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Apart From The Obvious, What Else Would You Expect To Find In A Californian Beer Cave?

To most people, a cave is simply a hollow space beneath the ground although cave explorers (spelunkers) and scientists will go to great lengths to explain to you the combinations of circumstances that must happen for a cave to be formed naturally (as against dug out by humans or animals). Generally speaking, the temperature underground is cooler than that at the surface; so, one might store things like food and beverages (including alcoholic ones) underground in order to keep them cool – there are cases around the world where bars and restaurants have opened up in a cavern or grotto.

Low Temperature Is The Key

We use fridges and freezers mainly for the storage of food and beverages; but, they also have a big part to play in the serving and consumption side of the equation. Imagine ice cream that has been stored at normal room temperature!

A cold taste is also an important facet of many alcoholic drinks – Scotch on the rocks; the ice in a martini, etc. Serving temperature is very important to the beer drinker; darker varieties like stout can be enjoyed when warmer than the lighter colored lagers and Pilsners which really do have to be chilled (almost down to zero centigrade) for maximum drinking appreciation.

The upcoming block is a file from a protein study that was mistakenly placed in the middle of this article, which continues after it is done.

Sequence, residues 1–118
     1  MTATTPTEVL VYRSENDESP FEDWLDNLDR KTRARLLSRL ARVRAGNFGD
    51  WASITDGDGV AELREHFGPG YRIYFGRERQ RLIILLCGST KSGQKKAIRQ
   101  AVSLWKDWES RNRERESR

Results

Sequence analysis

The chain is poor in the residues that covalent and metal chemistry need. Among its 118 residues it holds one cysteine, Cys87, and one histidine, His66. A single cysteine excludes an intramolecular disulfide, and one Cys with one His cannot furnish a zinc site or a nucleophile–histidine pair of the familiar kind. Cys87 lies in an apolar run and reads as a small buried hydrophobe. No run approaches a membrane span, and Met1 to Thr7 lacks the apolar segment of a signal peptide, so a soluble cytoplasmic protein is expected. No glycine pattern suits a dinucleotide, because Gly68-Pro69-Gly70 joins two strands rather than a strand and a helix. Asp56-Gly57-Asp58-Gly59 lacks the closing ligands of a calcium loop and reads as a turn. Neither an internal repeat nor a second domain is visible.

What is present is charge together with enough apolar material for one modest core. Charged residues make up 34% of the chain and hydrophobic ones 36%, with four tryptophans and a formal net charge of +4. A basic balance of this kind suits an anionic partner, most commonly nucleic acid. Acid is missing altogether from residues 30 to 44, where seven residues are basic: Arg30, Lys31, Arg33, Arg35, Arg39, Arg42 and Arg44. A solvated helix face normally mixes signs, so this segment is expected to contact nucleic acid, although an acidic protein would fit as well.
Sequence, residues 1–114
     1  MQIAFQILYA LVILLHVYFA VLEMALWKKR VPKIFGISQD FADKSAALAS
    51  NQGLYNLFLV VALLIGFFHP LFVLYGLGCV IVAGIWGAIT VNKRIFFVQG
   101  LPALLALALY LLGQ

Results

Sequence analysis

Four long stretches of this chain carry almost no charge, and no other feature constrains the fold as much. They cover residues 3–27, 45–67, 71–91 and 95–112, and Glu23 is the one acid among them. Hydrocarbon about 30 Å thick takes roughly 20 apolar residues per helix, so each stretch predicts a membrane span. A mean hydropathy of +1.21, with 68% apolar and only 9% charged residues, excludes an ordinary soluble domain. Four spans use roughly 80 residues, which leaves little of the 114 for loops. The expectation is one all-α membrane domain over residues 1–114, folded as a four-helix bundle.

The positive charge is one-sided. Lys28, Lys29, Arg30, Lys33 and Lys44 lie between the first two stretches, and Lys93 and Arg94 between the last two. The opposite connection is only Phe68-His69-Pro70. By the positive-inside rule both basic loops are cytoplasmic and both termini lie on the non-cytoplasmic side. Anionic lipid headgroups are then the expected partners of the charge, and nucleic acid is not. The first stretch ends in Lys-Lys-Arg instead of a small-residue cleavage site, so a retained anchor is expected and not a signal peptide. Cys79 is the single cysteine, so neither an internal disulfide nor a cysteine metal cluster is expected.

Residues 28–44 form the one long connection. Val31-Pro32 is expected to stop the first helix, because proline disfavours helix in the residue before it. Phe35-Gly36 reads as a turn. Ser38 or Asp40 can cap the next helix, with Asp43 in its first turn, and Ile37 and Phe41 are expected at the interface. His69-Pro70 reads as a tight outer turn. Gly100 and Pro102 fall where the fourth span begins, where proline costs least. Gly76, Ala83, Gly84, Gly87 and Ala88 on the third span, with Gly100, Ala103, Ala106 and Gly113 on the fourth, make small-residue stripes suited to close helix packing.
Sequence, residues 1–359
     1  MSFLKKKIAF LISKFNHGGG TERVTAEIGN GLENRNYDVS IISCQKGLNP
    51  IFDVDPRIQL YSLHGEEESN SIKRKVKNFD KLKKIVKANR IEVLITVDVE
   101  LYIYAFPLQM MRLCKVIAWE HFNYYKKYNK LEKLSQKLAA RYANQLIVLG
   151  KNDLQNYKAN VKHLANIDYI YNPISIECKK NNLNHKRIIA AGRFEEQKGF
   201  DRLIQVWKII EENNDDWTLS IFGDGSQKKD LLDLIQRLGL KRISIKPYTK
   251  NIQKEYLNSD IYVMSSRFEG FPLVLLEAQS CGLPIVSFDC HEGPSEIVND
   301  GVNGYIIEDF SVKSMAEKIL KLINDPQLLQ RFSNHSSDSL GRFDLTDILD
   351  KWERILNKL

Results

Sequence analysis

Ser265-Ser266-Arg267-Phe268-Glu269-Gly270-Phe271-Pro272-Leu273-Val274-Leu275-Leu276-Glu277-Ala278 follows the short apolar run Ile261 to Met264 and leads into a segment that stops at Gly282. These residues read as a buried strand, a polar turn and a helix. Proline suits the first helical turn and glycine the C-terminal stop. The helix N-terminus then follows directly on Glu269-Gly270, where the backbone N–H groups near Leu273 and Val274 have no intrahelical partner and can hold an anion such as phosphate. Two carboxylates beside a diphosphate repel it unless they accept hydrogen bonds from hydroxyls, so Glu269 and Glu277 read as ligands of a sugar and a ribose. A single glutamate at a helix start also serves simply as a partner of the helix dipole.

With ales of any type, the dedicated drinker is not going to thank you if you put ice in the glass to cool the contents down to their best temperature (and add water to the drink as the ice melts). In olden days, the temperature could be controlled by underground storage; but, this would have been a cellar beneath the bar with a depth of at least 6 feet. Today, thanks to refrigeration, we do not really need cellars – be it draught drinks, bottled or cans; a cooling device can control their temperatures so that they may be served at a temperature that is to everyone’s satisfaction. This does not only apply to drinks consumed on the premises; the same cooling cabinets can be used in retail outlets enabling customers to take their cold drinks away for enjoyment elsewhere.

In keeping with the common knowledge that temperatures are lower below ground, the manufacturers of these cold storage retail cabinets (such as Turn Key Systems) began to call them Beer Caves Refrigeration Systems For California. They can be placed where staff open them and serve the product; or they can be out in the open for self service usage – the point being that what comes out will always be at the desired temperature.

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